Historically, the mezcal had meaningful importance and influence in the producing communities: in the vision that those villages have and their relation with the mezcal. The mezcal was an inseparable element of rituals like for gratefulness of successful harvests, and/or rainmaking where they asked gods to send rain. This spirit has become a source of income for the local economies, which has survived through a particular network where consumers were part of, and without which many of these communities would not have been able to continue performing their mezcal culture.
One important part of the final flavor of mezcal is defined by the characteristics of the maguey: the species, the maturity, the quality, the amount of sunlight received, and the quality of the land where it is planted. The maguey’s selection is done by observation, here it is verified that agave is in the reproduction step and it proceeds to cut its floral scape or quiote.
Once it is cut its floral scape or quiote, it is waited until the plant is “mature”. This happens from a period of six months to one year. To make the cutting, the following tools are used: machete, ax, jib, and blade. The person who makes the cutting, known as cutter or jimador, must make a uniform and quick cut.
Traditionally, it is done in an inverse conic earth oven. The oven is heated up with hardwood that heats stones to 800 ºC. Then, the oven is covered with wet agave bagasse or other materials. Over this cover is collocated agave piñas. The oven is finally covered with palms, petates, or canvas, and those are covered with soil. This process takes 4-5 days, time depends on the oven size.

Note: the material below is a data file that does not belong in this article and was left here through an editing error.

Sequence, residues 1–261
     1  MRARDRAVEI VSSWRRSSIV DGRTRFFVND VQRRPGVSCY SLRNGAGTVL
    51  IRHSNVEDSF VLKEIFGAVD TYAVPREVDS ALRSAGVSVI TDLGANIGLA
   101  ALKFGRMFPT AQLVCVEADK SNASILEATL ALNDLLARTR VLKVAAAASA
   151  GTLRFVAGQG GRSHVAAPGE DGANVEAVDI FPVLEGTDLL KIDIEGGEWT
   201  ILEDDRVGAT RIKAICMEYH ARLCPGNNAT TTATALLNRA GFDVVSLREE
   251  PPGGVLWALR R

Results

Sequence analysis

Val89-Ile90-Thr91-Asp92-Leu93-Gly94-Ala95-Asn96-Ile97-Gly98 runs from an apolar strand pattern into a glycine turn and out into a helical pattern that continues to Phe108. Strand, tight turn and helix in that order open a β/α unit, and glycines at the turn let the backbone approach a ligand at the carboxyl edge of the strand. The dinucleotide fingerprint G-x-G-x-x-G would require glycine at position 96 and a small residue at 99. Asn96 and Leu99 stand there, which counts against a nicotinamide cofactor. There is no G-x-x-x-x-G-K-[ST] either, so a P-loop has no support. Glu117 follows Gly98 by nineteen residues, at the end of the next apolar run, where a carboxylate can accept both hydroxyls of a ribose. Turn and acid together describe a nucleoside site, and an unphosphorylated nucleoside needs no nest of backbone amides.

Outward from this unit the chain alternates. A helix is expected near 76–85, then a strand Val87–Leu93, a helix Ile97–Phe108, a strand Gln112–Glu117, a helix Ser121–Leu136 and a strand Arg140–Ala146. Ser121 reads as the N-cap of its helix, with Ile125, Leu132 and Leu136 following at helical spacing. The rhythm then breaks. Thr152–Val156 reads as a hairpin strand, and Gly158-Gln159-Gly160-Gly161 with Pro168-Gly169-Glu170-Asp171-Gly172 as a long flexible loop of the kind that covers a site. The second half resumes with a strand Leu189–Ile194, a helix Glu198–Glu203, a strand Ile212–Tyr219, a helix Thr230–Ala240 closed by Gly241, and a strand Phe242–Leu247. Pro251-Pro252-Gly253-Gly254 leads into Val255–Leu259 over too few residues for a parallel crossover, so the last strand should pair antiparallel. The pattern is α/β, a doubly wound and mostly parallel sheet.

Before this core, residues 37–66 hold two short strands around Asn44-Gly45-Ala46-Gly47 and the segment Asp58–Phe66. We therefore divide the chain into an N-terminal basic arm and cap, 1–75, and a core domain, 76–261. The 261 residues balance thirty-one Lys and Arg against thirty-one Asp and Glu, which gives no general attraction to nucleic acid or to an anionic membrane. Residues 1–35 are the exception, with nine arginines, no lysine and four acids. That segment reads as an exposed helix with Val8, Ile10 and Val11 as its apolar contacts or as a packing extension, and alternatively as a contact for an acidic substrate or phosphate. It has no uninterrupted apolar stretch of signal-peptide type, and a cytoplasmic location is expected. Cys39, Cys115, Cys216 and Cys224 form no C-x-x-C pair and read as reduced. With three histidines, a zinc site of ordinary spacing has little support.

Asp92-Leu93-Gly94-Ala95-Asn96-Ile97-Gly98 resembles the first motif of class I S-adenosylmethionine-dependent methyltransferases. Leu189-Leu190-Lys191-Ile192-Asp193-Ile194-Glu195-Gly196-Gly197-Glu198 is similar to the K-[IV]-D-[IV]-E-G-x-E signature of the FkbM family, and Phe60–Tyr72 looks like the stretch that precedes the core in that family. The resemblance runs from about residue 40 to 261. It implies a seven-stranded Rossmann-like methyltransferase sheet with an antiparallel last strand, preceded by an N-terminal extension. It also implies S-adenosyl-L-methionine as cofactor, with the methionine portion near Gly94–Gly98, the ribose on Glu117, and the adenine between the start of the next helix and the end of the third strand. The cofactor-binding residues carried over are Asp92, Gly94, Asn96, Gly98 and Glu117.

Depending on the mezcal category, this process can be made by hand with a wooden mallet, in stone or wooden canoes, with a tahona or Chilean mill that is pulled by a pack animal, or with an electric harrow. The maguey disintegrates to obtain a sugary fiber.
The sugars are diluted with water either in a clay, leather, wood, or stainless-steel container. During this process, the yeast is in charge of converting agave’s simple sugars into alcohol. Other yeast and bacteria give different aromas and flavors to the drink. This process lasts from 4 to 7 days, depending on the weather.
The fermentation product is distilled in copper stills or clay pots, until obtaining a drink that reaches 30º of alcohol, this liquid is called “common”, “ordinary” or “shishe”. This product is re-distilled and this is where fractions ranging from 20 to 80% ABV are obtained. Vol. These fractions are called tips, body, and tails.
How to distinguish a good mezcal?
To define what does mean “good mezcal” is complicated, beginning for defining what is good additionally that there exists too many that satisfy each preference. This is hard. Nevertheless, we are focused on distinguishing a traditional mezcal:
A traditional mezcal makes Perla (the pearly or bubbles are formed from the 43 to 55 alcoholic grads). However, a perlado o durable weld is accomplished between the 48 and 51 grades. These grades of alcohol are the most consumed in the traditional mezcal locations.
A traditional mezcal has the alcohol content as stated before, nevertheless, the NOM allows from 35 to 55 of alcohol content, so, currently, the most consumed mezcales are from 38 to 40 alcohol content.
A traditional mezcal is elaborated by producers who are native to the mezcal towns. We can find very young producers that have learned from their parents and have followed this path. Young producers from the first generation began to work very youth in a mezcal factory (and they are around 25 years old). However, there always exists a maestro Mezcalero behind all these jewels.
A traditional mezcal is always blanco (“white”); the additional processes have deviated from the drink evolution and a little from the marketing product.
A traditional mezcal comes with a strong and complex aroma, finding very different flavors.